China’s economic initiatives appear to be a diplomatic victory for Beijing and a diplomatic setback for Washington. It is argued by some Western scholars that China’s positive reputation is mainly based on its economic success.

Scrapping the nuclear deal with Iran has the potential to become a sharp point of contention between the Trump administration and its Western European allies.

In South Asia, undermining Pakistan’s role will only minimise the chances of success for the new Afghan strategy. If the shift in the US policy is to have troops in landlocked Afghanistan, it needs Pakistan’s logistical support in order to be successful; and for sustaining those gains, greater cooperation with Pakistan would be required.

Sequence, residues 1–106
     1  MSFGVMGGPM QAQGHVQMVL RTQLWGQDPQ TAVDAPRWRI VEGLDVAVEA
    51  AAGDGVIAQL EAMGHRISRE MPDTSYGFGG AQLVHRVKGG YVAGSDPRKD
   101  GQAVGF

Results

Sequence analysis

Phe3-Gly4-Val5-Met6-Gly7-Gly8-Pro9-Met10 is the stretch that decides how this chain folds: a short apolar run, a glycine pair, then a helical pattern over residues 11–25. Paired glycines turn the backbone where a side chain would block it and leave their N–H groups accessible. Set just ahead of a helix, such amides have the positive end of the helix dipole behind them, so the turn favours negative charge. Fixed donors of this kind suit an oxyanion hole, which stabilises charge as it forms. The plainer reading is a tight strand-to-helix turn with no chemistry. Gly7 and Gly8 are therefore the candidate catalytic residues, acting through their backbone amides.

In East Asia, withdrawal from the TPP will help China fill the economic vacuum as America looks inward. The idea behind TPP was to increase American influence in Asia and in the world by reassuring allies and rivals that the United States is a multi-dimensional resident power. However, the Trump administration did not let the agreement materialise.

Coming to terms with a rising yet fragmented Asia will require sustained multipronged strategies involving the perspectives of economics, trade and investment, diplomacy, and security. It is time for the Trump administration, or specifically President Trump to have second thoughts about “America First” and lean more towards cooperation in the international arena.


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Written by Naseem Rizvi